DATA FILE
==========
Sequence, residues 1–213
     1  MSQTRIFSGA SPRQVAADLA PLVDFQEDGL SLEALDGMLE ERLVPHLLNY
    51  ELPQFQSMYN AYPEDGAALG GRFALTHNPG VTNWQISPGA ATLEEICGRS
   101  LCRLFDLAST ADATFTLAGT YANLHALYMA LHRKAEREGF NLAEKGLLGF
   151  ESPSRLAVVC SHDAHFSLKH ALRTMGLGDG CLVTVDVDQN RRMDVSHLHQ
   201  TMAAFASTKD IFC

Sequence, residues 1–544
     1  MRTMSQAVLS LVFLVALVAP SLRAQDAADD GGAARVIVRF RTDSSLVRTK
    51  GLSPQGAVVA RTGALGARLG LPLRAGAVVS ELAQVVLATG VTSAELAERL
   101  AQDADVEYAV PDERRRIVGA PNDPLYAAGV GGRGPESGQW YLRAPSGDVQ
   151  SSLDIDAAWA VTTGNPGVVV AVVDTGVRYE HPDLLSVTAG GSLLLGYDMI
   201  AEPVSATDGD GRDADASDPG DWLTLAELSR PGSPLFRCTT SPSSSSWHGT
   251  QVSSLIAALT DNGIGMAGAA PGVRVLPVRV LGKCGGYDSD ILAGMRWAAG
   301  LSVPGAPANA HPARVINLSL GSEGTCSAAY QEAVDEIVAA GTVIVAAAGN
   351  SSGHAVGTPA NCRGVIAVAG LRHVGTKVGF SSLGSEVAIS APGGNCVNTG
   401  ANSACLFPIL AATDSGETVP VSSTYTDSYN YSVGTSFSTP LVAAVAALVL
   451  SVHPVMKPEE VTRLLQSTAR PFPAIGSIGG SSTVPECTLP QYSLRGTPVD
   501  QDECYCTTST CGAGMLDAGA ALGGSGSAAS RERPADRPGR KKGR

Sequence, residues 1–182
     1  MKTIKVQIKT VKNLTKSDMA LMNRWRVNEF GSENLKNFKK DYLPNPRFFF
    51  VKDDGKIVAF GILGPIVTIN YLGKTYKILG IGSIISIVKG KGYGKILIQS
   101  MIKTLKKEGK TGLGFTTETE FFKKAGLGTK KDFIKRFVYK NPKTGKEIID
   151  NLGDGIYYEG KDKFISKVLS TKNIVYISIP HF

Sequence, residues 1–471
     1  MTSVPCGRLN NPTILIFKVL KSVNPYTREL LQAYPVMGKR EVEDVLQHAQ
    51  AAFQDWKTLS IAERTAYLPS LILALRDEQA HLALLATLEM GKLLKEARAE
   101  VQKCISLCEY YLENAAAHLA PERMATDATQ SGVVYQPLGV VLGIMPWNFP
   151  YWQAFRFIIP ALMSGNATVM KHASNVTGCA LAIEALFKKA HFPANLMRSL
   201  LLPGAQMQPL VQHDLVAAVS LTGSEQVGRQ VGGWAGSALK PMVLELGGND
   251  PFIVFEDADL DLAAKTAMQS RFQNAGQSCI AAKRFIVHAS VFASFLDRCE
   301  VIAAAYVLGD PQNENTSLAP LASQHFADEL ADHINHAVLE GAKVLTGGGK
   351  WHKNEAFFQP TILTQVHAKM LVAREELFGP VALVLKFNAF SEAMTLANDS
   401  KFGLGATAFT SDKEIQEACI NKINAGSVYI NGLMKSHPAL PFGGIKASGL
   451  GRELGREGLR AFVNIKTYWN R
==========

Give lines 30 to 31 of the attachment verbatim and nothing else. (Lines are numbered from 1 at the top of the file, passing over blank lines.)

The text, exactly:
   251  PFIVFEDADL DLAAKTAMQS RFQNAGQSCI AAKRFIVHAS VFASFLDRCE
   301  VIAAAYVLGD PQNENTSLAP LASQHFADEL ADHINHAVLE GAKVLTGGGK